There is increasingly less and less that is secretive about Apple launch events. Virtually everything rumoured to be announced yesterday came to pass, revealing that the company is trying to shore up its credentials in mid-range smartphones, while pushing the iPad inextricably into “Pro” territory.
The iPhone SE — or “Special Edition” — is declared as the “most powerful four-inch smartphone,” a boast that is undoubtedly true. Sporting the same internal specs as the six-month old iPhone 6s and 6s Plus, the SE is a smaller handset packing serious punch. Indeed, it’s technically faster and shoots better photos than the iPhone 6 and 6 Plus, which came to market 18 months ago.
But why a 4-inch phone? Apple has identified a need for such a device, noting that 30 million (out of a total 231 million iPhones sold in 2015) were smaller models, like the iPhone 5s. As small as the percentage is, the fact is that an older device like the 5s won’t cut it when the mid-range market is already teeming with better options running Android. Apple wants that market share back, and figures there are many users clamouring for a highly capable 4-inch iPhone.
It also shrewdly made the SE to be compatible with the already huge existing accessory aftermarket. Any case or screen protector that fits an iPhone 5 or 5s will fit the SE easily. Adding the four colour shades brings it in line with the rest of the iOS lineup.
Then there’s the price. At $579 ($399 U.S.), this is the cheapest new iPhone money can buy at retail. But it’s also 16GB, a storage size that has already proven woefully inadequate, but is there to keep margins up and push users to sign up for iCloud. The 64GB model is $709. Some carriers are offering the 16GB model for $100 on a two-year contract.
While the outright prices are barely mid-range, the real question will be how consumers respond when there are various other options. A number of Android phones can be had for the same price or less — offering larger displays, more internal storage and effective cameras. Apple doesn’t break down iPhone sales by model, so the only way we may know how good the SE has performed is if Apple brags about it later on.
Then there’s the iPad, which the company graduated to the “Pro” moniker, marking the first time the original 9.7-inch size is being officially touted as a productivity device. The larger 12.9-inch iPad Pro that debuted in the fall signaled a shift in strategy to target consumers looking for a laptop alternative. The company noted that most newcomers to the product are former Windows users, though it’s not clear how many.
Over 200 million iPads have been sold since the original model launched in 2010. That’s a huge number, but it’s a languishing one. The tablets simply aren’t selling anywhere near the same clip as the iPhone. Making the case, both visually and technically, that the regular-sized iPad can make anyone productive could help drive up sales — if the perception endures that it’s more than just an expensive toy.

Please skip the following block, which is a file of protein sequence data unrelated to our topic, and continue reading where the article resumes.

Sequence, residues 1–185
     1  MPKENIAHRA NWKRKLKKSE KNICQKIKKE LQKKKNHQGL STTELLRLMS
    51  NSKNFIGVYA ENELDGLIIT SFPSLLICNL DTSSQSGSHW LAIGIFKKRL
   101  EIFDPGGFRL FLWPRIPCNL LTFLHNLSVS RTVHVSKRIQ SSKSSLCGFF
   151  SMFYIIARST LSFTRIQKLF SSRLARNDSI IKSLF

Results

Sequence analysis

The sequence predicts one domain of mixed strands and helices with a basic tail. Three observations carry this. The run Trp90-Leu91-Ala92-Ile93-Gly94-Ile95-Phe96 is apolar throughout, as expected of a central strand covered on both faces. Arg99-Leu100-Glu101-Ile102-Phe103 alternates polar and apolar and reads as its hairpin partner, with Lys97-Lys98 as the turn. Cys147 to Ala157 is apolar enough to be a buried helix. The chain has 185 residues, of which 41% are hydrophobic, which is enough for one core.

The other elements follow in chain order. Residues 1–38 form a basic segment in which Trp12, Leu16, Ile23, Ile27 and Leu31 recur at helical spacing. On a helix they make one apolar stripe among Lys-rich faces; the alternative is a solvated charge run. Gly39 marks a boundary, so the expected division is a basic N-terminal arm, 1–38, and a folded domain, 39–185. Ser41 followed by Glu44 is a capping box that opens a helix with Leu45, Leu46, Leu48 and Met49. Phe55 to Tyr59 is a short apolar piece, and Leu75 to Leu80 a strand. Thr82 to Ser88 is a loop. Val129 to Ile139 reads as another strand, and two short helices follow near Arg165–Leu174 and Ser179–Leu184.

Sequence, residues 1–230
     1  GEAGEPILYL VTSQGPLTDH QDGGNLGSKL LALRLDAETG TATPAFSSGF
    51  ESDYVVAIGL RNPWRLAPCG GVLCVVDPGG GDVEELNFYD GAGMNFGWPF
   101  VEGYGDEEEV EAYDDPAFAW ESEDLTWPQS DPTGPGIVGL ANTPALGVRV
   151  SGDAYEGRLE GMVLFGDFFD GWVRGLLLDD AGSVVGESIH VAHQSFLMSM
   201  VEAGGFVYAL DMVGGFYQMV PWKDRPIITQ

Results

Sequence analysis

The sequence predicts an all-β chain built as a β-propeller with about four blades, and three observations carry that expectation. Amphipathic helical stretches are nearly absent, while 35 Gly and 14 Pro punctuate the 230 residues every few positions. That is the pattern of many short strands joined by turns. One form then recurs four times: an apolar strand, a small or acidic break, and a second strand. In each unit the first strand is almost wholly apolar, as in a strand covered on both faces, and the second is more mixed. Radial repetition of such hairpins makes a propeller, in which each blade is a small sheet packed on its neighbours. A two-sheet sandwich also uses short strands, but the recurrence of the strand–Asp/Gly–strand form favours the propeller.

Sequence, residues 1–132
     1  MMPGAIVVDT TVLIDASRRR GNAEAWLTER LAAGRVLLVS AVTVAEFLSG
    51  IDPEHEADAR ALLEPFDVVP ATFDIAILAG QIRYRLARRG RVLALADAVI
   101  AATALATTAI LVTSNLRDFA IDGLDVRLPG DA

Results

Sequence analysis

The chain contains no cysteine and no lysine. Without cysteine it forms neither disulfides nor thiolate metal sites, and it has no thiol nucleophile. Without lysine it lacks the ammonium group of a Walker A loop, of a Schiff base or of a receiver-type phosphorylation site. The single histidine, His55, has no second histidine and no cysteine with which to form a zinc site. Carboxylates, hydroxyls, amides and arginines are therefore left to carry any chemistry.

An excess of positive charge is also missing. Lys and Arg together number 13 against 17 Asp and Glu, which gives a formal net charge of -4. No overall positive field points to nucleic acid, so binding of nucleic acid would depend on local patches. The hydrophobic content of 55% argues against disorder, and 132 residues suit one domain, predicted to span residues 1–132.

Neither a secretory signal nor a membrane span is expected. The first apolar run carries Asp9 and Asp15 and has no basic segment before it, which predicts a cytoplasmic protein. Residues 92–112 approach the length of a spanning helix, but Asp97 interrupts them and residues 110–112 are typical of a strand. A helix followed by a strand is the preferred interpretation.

The previous iPad Air 2 and iPad mini 4 are still available for those who simply want content consumption.
The fact Apple is offering a productivity device that starts at 32GB of internal storage cheapens its purpose. Naturally, the company wants to price the new tablet just low enough to attract customers, but there is no real point in buying a 32GB model, even if one makes use of the cloud. Content creation and apps can fill up storage space quickly. Microsoft had pulled a similar ill-advised maneuver when it launched its first Surface Pro tablet a few years ago with 32GB of storage — more than half of which was taken up by Windows.
While iOS certainly has a lighter footprint, it does whittle down the 32GB further. Apple also doesn’t break down sales by storage size, but it would be interesting to know which size sells most. The company does deserve kudos for including a 256GB model. It’s expensive at $1,200, but any tablet with that storage size would be.
And lastly, there are the Apple Watch bands. While CEO Tim Cook noted the company’s first smartwatch is the top seller, he refrained from uttering any sales figures. For a company that loves doing that when it leads a market segment, that’s very telling. Either the Watch hasn’t met the company’s own expectations, or there’s no other good news to share after almost a year on the market.
The new bands look nice enough, but are nothing to get excited about. The drop in price to $400 affects the Watch Sport more than the regular Watch models, which still start at $850-$920. The 42mm Watch Sport is $470. That’s comparable to other high-end smartwatches, but the regular Watch, either in leather or metal band, is more expensive than Michael Kors smartwatches that are coming this fall. Something doesn’t seem right with that picture.
And it’s unclear if Apple includes a sale in its Watch figures, regardless of whether the customer takes it back or not. Watch returns are hard to assess because there is no public data, but countless stories abound online from users who have (with varying reasons).
To be fair, any first-generation product has its share of hiccups, and Apple will surely do better with the next version of the Watch, but for now, it’s obvious the original is not a runaway success.